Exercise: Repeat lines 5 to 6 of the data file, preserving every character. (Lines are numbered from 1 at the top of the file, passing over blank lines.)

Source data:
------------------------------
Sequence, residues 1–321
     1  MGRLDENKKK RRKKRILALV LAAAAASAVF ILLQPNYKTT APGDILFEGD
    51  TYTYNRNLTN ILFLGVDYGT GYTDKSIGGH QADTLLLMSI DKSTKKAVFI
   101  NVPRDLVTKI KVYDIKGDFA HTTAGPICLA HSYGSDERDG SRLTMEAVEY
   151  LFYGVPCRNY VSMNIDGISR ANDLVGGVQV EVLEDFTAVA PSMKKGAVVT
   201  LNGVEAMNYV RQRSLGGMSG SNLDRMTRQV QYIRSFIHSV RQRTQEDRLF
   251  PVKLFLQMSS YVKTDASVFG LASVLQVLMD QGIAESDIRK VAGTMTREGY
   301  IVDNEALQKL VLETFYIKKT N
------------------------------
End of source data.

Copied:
   151  LFYGVPCRNY VSMNIDGISR ANDLVGGVQV EVLEDFTAVA PSMKKGAVVT
   201  LNGVEAMNYV RQRSLGGMSG SNLDRMTRQV QYIRSFIHSV RQRTQEDRLF